Keeping enterprise IT in line

By Manfred Berger, Senior Business Development Manager EMEAI, Western Digital.

  • 6 months ago Posted in

It’s a challenging time to be a CTO. Across all industries, IT decision makers are constantly looking for the next great idea to level up their business. Today, the widespread use of the cloud and smart devices have fundamentally altered how companies store, access, manage and measure their data. Despite the various benefits, these new innovations have also brought novel security risks and unprecedented data management challenges. This has put IT data management in a state of constant flux requiring forward-thinking solutions to protect businesses data from risk. Worldwide, an estimated 60% of corporate data is stored in the cloud. As more companies move their data out of their organisational network and infrastructure, the risk of breaches becomes top-of-mind.

CTOs and CIOs are faced with many options of how and where to store their crucial information, be that in an on-premises data centre, onsite at a colocation facility, or in the cloud. Often, IT decision makers opt for a hybrid of the options best suited to their enterprise needs. As a result, companies are reinventing processes, procedures, and safeguards as they leverage and manage the growing complexity of data. Building appropriate controls and governance requires a deeper understanding of a company’s data, whether it lies within IT, production, financials, or other parts of the enterprise.

Data: under lock and key

Cloud growth has radically impacted our ideas around security and security management. Unlike other forms of data storage, the cloud presents particular challenges in its versatility. Cloud data may be structured or unstructured and can hold both enterprise and personal accounts. This is simultaneously extremely useful and challenging for security teams looking to closely manage enterprise data.

An additional major risk to organisations can be shadow data, defined as data that resides outside an organisation’s formal data infrastructure or the data you don’t know about. Shadow data is usually created without the same controls as organisational data, which stems from sanctioned environments. Therefore, this kind of data can be an entry point for breaches. To reduce the risks of sensitive information being leaked or malware being shared through company channels, businesses should implement strict guidelines on what files are shared, through what channel and for what purpose. This streamlining of processes can ultimately make IT management more straightforward as well as reducing risk.

As the cloud and other resources are easy to use by employees, companies can set up test environments or environments to evaluate new services or applications. Companies can also tighten up process around who and how many people engage and how data is moved around. This is likely a more prominent issue for small-to-midsize companies that may not have the appropriate budget or adequate human resources in place to effectively manage their information. When budgets or time are a limited resource, IT managers can be tempted to opt for the most straightforward solution. However, when it comes to data management, it is worth investing sufficient time to make sure that company needs are met. IT governance must be proactive to be effective, as lost or compromised data can result in a major hit for a company of any size.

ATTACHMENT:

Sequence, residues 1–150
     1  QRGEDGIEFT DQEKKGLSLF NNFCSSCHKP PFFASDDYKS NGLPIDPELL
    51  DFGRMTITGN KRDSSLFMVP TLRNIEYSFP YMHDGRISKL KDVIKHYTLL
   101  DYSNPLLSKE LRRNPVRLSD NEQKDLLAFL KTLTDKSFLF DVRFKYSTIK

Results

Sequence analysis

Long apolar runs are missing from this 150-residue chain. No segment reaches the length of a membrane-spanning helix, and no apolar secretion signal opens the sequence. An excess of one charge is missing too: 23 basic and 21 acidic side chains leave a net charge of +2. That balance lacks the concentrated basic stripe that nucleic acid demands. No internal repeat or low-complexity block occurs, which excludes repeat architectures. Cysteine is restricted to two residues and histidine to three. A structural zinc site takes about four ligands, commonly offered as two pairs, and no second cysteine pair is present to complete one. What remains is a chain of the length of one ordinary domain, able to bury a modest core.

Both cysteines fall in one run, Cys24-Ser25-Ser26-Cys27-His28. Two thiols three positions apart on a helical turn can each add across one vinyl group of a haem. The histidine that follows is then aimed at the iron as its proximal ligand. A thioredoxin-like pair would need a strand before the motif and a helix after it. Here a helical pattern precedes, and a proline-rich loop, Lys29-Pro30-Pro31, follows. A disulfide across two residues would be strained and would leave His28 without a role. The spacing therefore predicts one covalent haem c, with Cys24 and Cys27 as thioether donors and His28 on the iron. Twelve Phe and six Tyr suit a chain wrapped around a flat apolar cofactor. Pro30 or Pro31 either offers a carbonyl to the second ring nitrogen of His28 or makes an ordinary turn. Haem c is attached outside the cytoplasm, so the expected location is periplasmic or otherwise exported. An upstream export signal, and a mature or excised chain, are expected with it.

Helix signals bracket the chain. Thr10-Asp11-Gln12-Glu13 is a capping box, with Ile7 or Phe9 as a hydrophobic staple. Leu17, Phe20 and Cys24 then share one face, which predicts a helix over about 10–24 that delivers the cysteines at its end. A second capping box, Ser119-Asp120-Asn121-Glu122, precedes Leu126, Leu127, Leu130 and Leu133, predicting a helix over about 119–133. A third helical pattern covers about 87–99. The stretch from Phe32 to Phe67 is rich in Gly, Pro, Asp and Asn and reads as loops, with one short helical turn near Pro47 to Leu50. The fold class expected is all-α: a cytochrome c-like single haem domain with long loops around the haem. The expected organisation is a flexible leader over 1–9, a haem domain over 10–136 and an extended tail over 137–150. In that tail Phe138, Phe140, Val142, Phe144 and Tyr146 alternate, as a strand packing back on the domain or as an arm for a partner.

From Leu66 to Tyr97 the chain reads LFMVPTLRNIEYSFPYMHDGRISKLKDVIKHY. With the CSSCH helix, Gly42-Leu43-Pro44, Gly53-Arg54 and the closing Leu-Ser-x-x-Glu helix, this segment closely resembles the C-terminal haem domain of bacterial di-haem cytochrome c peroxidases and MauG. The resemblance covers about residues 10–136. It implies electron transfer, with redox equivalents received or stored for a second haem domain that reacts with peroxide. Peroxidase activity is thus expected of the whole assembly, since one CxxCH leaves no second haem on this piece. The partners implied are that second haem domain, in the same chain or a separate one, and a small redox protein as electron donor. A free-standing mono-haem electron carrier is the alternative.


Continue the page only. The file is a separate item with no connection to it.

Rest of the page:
Ensuring governance

In any enterprise, data management and governance are crucial to ensure that all aspects of an organisation are working harmoniously. However, in businesses where information is collected in silos, this can be a challenge.

A good example of this comes from the manufacturing industry, where yield is an important metric. Even though this data can prove useful, if it is collected, measured and reported in an ungoverned manner, the results could be completely inaccurate and therefore useless.

In smart manufacturing and other industries, success is highly dependent on data to derive insights on quality, environmental conditions, and other factors. Although human error remains important, it is not the only thing to consider. In today’s world of decentralised data, even Internet of Things (IoT) sensors collecting information in an unregulated way can impact the usefulness of enterprise data. To ensure that data is utilised in the most profitable manner possible, managers must consider and limit all key factors to reduce irregularity at the earliest stage possible. This ensures that data collected is consistent and ultimately gives insights that can allow a business to be more profitable.

Sticking to the rules

Regardless of how data is used within a business or where it comes from, data-reliant initiatives cannot happen without the right controls and governance in place. In certain cases, IT teams may need to be more focused on technical aspects where for others security, processes and compliance may be a priority. The deeper the understanding of how data is used across the company, the more sophisticated the orchestration of its control mechanisms can be, and standards must be implemented no matter where data resides.

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